The opening two months of the 2017 Major League Baseball season has been a nightmare for the New York Mets. This is common knowledge.
Injuries, inconsistencies and a dash of drama have created the perfect recipe of underachieving for a franchise that was expected to challenge for the National League pennant.
It’s created a sizeable deficit in the National League East as the Mets are attempting to cut down a Washington Nationals divisional lead that sits at an intimidating 9.5 games.
But for the first time since April, things are actually trending up in Queens.
Yoenis Cespedes and Steven Matz made exceptional returns over the weekend against the Atlanta Braves. Cespedes slugged a ninth-inning grand slam during the first game of a Saturday doubleheader while Matz allowed one run on five hits over seven innings in the nightcap.
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They got further good news in the form of Seth Lugo pitching a gem in his season debut on Sunday.
There are still some noticeable absentees as the Mets are still trudging along without ace Noah Syndergaard and closer Jeurys Familia, but this is the most healthy the Mets have been since the season began.
Just in time, too.
To put things bluntly, New York’s upcoming schedule will not be kind to them.
The Mets are currently in the midst of a schedule in which they will play 18 games in 17 days. Four are in the books after their weekend series in Atlanta.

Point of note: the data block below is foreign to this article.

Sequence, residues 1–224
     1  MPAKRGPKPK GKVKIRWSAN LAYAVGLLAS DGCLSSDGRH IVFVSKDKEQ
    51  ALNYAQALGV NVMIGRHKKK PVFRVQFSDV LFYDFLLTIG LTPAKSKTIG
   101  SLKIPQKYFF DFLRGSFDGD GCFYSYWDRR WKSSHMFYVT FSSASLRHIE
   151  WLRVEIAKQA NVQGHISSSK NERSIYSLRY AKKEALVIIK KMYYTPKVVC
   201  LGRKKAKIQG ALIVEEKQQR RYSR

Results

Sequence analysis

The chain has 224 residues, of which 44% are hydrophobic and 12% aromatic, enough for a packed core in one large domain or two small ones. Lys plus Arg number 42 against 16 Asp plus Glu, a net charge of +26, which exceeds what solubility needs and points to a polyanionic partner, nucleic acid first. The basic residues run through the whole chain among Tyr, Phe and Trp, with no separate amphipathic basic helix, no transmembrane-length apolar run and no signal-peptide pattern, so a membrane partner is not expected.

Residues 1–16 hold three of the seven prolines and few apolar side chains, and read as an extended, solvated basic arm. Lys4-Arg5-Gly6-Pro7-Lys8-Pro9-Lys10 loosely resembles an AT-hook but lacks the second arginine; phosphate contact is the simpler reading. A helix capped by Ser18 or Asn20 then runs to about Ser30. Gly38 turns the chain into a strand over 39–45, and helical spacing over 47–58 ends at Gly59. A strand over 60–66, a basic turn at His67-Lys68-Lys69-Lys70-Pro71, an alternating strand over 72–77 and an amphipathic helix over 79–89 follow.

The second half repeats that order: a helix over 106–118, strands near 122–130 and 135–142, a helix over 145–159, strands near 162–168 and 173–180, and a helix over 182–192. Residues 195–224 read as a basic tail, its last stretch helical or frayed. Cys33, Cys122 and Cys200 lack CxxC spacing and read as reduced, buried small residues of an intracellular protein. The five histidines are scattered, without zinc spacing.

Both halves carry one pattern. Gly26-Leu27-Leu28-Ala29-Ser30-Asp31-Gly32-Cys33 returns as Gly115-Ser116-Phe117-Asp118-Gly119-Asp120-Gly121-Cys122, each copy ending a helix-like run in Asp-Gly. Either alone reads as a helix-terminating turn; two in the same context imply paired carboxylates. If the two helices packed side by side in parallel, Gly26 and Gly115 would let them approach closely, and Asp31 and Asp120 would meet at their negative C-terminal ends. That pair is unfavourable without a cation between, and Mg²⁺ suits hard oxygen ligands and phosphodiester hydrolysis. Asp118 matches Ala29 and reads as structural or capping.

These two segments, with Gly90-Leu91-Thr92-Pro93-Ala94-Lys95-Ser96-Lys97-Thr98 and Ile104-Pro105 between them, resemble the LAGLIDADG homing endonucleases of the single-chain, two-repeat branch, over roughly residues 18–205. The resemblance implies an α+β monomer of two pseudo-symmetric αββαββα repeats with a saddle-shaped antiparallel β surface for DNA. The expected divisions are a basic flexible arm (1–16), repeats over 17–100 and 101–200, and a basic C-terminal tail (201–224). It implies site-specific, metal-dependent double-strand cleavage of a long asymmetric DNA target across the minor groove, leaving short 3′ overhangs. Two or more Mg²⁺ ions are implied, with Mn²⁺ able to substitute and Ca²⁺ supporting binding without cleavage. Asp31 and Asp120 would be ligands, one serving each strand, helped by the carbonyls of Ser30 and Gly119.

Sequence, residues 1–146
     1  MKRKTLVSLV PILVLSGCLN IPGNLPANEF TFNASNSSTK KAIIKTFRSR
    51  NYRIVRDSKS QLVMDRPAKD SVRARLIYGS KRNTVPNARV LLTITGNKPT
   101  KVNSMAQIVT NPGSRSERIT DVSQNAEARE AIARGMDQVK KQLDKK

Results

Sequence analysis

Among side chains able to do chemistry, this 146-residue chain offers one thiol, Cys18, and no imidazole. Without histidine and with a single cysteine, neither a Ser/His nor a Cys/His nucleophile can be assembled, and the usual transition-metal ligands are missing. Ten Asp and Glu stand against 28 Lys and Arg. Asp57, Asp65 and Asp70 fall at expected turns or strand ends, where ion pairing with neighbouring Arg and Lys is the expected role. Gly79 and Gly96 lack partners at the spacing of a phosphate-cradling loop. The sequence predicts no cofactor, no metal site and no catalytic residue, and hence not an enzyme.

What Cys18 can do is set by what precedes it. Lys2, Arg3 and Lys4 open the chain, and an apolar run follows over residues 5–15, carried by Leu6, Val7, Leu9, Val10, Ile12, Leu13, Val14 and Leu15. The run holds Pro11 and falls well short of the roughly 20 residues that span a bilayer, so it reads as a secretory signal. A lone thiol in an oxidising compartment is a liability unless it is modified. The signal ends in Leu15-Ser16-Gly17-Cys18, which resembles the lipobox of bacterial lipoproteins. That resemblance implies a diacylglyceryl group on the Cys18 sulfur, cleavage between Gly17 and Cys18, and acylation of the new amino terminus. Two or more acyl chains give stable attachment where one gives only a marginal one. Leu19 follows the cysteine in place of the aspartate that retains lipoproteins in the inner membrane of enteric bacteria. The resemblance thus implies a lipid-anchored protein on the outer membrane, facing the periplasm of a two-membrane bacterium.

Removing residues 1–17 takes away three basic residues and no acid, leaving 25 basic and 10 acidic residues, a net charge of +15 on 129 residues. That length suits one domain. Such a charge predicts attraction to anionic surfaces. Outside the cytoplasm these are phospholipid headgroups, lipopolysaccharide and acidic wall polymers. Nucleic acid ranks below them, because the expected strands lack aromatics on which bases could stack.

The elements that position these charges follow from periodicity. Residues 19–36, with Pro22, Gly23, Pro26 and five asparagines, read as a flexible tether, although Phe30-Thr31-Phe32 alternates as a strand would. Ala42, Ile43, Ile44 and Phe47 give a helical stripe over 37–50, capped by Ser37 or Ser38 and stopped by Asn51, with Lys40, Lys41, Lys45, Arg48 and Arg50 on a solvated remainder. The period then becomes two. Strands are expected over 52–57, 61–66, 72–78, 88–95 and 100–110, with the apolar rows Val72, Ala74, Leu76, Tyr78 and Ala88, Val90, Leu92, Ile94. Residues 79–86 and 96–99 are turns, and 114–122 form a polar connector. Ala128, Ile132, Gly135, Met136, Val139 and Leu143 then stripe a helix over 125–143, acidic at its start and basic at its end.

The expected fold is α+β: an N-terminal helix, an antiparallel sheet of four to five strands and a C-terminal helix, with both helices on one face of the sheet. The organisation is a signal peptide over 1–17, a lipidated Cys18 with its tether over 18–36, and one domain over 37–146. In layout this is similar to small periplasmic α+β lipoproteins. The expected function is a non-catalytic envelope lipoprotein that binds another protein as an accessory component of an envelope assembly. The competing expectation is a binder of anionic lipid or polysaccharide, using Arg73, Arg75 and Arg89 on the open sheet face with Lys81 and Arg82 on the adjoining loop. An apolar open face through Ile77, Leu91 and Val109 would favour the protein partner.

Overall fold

They return to Citi Field on Monday night for a three-game series against the defending-champion Chicago Cubs, a team that has been a shell of its former self and is coming off a series in which dropped 3-of-4 to the surging Colorado Rockies.
Despite their difficult start that sees them toeing the .500 line, Chicago is still a team stacked with offensive firepower that can’t be taken lightly.
If the Mets can come out of relatively unscathed, their reward is a four-game set against the Nationals, which could make or break their season. A sweep gets them right back into the divisional race while a trip up could all but end their postseason hopes.
It doesn't end there, either. The Mets have to get on a plane as soon as their series against Washington ends to play the very next night in Los Angeles against the Dodgers, who have one of the best records in the National League.
Any sort of swoon spells the end of the Mets season and it doesn’t matter if three months of the season remains.
So, no pressure.